Georges-Eugène Haussmann, commonly known as Baron Haussmann (27 March 1809 – 11 January 1891), was the Prefect of the Seine Department in France, who was chosen by the Emperor Napoleon III to carry out a massive program of new boulevards, parks and public works in Paris, commonly called Haussmann's renovation of Paris 1). Critics forced his resignation for extravagance, but his vision of the city still dominates Central Paris 2).
Napoleon III and Haussmann launched a series of enormous public works projects in Paris, hiring tens of thousands of workers to improve the sanitation, water supply and traffic circulation of the city. Napoleon III installed a huge map of Paris in his office, marked with coloured lines where he wanted new boulevards to be. He and Haussmann met almost every day to discuss the projects and overcome the enormous obstacles and opposition they faced as they built the new Paris 3).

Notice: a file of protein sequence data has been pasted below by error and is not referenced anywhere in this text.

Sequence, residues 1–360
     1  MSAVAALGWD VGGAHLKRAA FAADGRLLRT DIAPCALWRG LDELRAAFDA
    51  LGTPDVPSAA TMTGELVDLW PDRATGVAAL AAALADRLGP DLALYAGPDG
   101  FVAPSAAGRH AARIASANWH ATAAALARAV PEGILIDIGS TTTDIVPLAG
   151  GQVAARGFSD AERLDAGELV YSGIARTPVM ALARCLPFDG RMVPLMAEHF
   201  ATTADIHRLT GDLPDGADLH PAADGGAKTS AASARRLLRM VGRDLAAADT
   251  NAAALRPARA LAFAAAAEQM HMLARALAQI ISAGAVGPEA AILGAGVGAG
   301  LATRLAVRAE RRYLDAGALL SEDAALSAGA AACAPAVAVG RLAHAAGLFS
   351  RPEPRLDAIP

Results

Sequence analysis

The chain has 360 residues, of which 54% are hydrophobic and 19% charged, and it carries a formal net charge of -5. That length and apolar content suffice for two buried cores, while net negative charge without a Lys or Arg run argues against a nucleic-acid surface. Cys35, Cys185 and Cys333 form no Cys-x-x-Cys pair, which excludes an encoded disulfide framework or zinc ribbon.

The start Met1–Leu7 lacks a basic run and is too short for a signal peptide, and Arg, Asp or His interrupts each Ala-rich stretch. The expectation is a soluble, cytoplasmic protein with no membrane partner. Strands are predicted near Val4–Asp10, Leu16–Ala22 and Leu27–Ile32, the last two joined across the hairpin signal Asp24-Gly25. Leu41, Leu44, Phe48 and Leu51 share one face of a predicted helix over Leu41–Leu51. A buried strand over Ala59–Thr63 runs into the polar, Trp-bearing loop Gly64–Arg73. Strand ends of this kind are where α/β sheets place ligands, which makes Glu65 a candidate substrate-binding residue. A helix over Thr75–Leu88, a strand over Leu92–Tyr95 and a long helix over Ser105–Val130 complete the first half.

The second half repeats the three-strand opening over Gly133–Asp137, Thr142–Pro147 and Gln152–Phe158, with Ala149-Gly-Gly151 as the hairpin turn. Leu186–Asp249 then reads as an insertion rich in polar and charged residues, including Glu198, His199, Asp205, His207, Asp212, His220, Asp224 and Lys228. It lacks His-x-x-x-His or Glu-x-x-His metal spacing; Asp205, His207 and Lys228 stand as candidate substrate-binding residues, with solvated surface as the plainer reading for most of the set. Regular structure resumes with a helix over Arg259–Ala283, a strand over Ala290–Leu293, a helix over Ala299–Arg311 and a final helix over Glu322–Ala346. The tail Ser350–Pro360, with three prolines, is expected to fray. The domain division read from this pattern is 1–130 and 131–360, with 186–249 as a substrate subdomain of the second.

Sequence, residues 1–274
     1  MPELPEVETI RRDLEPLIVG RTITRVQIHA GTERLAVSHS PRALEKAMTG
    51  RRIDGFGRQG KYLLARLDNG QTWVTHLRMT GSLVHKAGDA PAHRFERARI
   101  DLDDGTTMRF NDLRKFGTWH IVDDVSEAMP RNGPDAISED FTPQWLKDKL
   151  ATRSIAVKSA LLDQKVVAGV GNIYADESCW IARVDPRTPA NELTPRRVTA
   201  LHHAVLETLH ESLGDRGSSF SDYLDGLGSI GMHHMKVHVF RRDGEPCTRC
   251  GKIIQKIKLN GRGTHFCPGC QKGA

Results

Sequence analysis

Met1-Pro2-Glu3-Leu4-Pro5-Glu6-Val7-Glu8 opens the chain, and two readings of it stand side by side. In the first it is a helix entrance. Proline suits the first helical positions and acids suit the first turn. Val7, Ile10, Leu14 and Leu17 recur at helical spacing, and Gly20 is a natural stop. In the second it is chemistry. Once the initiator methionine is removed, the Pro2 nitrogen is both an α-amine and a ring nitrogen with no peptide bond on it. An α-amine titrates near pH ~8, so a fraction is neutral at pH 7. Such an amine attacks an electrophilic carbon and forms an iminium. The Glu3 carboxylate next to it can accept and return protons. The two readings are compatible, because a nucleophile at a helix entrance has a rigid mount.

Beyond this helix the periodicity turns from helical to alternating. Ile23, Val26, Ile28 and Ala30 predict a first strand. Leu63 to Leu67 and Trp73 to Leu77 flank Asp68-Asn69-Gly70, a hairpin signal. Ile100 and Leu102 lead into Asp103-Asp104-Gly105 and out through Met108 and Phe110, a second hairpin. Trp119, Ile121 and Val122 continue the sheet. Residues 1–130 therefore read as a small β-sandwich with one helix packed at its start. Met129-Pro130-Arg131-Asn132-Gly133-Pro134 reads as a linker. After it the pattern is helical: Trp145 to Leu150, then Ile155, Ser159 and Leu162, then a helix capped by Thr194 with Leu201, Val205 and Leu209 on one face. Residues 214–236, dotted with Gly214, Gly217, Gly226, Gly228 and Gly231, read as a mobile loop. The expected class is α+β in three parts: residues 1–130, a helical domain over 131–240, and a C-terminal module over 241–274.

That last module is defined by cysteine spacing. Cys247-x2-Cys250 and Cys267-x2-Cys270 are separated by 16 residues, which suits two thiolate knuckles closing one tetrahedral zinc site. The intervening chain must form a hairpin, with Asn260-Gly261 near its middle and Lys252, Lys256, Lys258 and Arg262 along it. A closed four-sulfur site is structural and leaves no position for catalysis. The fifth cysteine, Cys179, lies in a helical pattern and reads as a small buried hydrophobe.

Beginning in 1854, In the center of the city, Haussmann's workers tore down hundreds of old buildings and cut eighty kilometers of new avenues, connecting the central points of the city. Buildings along these avenues were required to be the same height and in a similar style, and to be faced with cream-colored stone, creating the signature look of Paris boulevards 4).